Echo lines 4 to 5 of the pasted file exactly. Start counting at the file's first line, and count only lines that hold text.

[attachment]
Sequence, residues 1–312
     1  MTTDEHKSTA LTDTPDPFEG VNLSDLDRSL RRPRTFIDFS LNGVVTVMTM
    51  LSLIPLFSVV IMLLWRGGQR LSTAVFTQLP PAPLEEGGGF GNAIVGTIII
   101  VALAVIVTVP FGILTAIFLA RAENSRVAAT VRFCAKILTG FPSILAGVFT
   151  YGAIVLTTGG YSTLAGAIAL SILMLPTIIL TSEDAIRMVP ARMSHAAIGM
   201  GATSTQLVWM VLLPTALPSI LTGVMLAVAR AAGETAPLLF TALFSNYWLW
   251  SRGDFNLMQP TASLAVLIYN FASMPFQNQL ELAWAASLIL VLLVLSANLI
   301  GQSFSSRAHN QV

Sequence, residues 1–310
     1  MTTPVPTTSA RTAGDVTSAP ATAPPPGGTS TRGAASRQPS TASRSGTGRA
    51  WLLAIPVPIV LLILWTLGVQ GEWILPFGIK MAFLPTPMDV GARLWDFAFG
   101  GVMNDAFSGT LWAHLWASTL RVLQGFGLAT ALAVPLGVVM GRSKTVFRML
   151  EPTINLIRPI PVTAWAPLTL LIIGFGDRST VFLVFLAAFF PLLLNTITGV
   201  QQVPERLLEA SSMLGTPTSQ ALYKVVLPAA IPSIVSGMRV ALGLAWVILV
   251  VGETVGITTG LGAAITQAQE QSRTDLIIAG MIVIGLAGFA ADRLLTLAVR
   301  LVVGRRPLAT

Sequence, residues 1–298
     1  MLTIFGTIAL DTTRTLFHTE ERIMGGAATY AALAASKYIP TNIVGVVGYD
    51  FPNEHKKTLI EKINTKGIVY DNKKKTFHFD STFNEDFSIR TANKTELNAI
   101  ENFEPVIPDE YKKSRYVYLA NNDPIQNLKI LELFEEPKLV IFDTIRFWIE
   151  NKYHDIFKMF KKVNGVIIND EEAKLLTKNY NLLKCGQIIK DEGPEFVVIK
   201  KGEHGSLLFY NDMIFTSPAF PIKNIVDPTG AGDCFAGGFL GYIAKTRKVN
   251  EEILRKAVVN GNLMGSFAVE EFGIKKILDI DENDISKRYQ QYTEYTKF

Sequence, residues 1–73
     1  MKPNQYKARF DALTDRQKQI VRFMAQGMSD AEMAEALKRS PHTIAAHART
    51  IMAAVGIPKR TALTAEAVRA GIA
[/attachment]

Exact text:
   101  VALAVIVTVP FGILTAIFLA RAENSRVAAT VRFCAKILTG FPSILAGVFT
   151  YGAIVLTTGG YSTLAGAIAL SILMLPTIIL TSEDAIRMVP ARMSHAAIGM